Social media and a prep sportswriter
Before Twitter truly hit it big, my first experience with live updates from a high school sporting event came a handful of years ago at the Baron Cup, Greater Cleveland high school hockey's city championship tournament at Brooklyn. I set up a new story on our website and throughout a tripleheader of games involving News-Herald area teams that day essentially made it a live blog - posts with times and the most recent first on the list, publish the site and there it was - a blog, albeit a basic one. Even better, I was online via - gulp - dialup.
Twitter has made the process a lot easier, of course, both for the purpose of posting updates and also for people to find those updates.
It's still an evolving process, but I thought it might be worthwhile to share a few of the lessons I've learned in the social media age and utilizing that platform in my job:
#nhsoccer @lchs_cougars take 2-1 lead - victoria martinis 75th min
— Chris Lillstrung (@CLillstrungNH) August 25, 2012
1) Keep it simple: Most of my Twitter followers are coaches, athletes and parents from my main high school beats - soccer, hockey, swimming and track and field. They want live information from events - score updates, state qualifiers and event winners if applicable, some opinion mixed in about games in team sports, etc. They don't want to see a Twitpic of what I'm having for dinner or a rant about tooth pain. Non-work tweets happen from time to time, but for the most part respect why your followers are following you in the first place.
2) Get used to convenience follows: The practice is nothing personal. From time to time, you'll cover a particular event that will appeal to someone on a given day. Case in point: I covered the Mentor at Erie McDowell football game Friday night. Since a lot of people didn't make the trek to Pennsylvania, I picked up followers who were interested in updates on that game. The reality is, after the fact, those Mentor fans will see I'm not covering the team every week, will not be interested in tweets about, say, high school soccer, and subsequently unfollow. Again, it's not personal - it's simply a matter of convenience.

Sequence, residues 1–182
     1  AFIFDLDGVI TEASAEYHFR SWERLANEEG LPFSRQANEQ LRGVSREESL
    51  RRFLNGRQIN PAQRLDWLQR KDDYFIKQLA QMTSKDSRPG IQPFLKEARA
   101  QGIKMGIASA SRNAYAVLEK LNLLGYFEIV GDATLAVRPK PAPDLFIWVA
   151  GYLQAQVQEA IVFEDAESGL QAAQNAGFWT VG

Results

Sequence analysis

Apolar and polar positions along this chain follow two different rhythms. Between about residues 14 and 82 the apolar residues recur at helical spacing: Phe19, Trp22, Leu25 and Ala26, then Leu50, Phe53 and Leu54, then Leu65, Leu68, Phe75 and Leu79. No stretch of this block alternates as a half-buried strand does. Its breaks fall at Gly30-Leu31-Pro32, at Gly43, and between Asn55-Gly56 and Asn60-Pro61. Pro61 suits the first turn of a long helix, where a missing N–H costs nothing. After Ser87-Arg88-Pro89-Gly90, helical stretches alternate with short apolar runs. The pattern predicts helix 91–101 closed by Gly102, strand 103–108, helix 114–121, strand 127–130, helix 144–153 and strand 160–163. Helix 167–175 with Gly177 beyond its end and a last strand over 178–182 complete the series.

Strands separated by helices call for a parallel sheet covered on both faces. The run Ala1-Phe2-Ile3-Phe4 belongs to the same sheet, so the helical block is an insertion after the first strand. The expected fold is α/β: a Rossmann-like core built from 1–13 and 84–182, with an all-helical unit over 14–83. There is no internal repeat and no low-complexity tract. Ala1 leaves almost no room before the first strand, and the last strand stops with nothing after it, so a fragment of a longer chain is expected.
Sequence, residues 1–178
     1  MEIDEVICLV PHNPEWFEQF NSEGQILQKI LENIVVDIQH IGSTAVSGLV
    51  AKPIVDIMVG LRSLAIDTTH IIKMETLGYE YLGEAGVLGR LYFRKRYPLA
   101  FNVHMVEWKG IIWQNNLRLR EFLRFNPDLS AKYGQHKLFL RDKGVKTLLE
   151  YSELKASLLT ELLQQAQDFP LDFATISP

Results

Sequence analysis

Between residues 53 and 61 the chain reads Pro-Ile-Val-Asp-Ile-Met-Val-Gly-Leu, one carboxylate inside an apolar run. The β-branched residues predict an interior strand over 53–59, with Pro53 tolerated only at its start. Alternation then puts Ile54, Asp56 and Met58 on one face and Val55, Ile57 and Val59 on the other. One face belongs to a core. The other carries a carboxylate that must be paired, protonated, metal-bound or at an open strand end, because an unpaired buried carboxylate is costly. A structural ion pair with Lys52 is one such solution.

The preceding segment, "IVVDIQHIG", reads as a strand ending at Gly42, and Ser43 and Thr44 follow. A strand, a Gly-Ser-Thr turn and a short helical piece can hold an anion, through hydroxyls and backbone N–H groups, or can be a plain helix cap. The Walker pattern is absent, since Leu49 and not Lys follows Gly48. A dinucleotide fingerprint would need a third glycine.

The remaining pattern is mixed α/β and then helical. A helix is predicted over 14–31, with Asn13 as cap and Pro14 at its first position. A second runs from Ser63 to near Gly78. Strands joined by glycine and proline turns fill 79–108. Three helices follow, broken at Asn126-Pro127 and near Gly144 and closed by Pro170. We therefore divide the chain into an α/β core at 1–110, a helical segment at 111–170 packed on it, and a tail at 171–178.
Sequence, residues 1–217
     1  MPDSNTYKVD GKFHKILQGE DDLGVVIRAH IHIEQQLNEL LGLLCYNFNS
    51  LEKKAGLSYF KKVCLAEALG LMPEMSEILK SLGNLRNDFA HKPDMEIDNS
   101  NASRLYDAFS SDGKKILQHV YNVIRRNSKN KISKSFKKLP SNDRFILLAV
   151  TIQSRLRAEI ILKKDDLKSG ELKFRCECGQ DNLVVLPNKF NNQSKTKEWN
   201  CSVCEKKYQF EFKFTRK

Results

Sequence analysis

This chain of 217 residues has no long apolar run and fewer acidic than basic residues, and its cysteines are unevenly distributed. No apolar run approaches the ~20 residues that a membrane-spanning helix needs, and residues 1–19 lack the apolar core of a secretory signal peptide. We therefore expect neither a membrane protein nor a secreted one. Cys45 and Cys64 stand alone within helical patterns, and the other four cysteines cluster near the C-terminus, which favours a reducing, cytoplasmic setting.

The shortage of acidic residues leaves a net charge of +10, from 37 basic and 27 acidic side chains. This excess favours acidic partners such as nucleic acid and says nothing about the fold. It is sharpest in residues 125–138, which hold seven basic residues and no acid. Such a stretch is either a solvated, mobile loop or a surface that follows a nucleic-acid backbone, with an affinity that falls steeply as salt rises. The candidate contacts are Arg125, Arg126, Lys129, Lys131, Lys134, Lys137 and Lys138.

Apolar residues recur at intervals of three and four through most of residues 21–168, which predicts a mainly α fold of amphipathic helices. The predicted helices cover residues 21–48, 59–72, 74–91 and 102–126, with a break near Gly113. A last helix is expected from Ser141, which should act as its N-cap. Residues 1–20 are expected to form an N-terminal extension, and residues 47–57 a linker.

#NHsoccer @hawkenathletics blanks West Geauga, 2-0 (with two videos) - news-herald.com/articles/2012/… (from @newsheraldinoh)
— Chris Lillstrung (@CLillstrungNH) August 31, 2012
3) Let work speak for itself: Tweeting a link to a story, of which your followers may potentially be interested, is another way of building rapport. It becomes something else, however, when it's a subliminal practice of, "Hey, everybody, look how great my work is." The people who read your work will be the judge of that. They'll decide if it's good, subpar or indifferent. Link, but don't be a smoaster (social media boaster).
#NHsoccer area scores SAT: boys- N Ridgeville 5, Riverside 2; Mentor 2, North 0; Gilmour 2, Wellington 0; Twinsburg 5, South 0 (cont.)...
— Chris Lillstrung (@CLillstrungNH) September 2, 2012
4) A list of scores can go a long way: One way I've been fortunate enough to build a following is to tweet area scores. In soccer season, for example, whether I'm covering a match or not, I'll tweet a list of scores we've received that day, along with scores available from the state coaches association website. It doesn't take very much effort but gets information out for which there's an interested audience.
There are many more lessons, but the bottom line is simplicity works best.
- Chris Lillstrung | @CLillstrungNH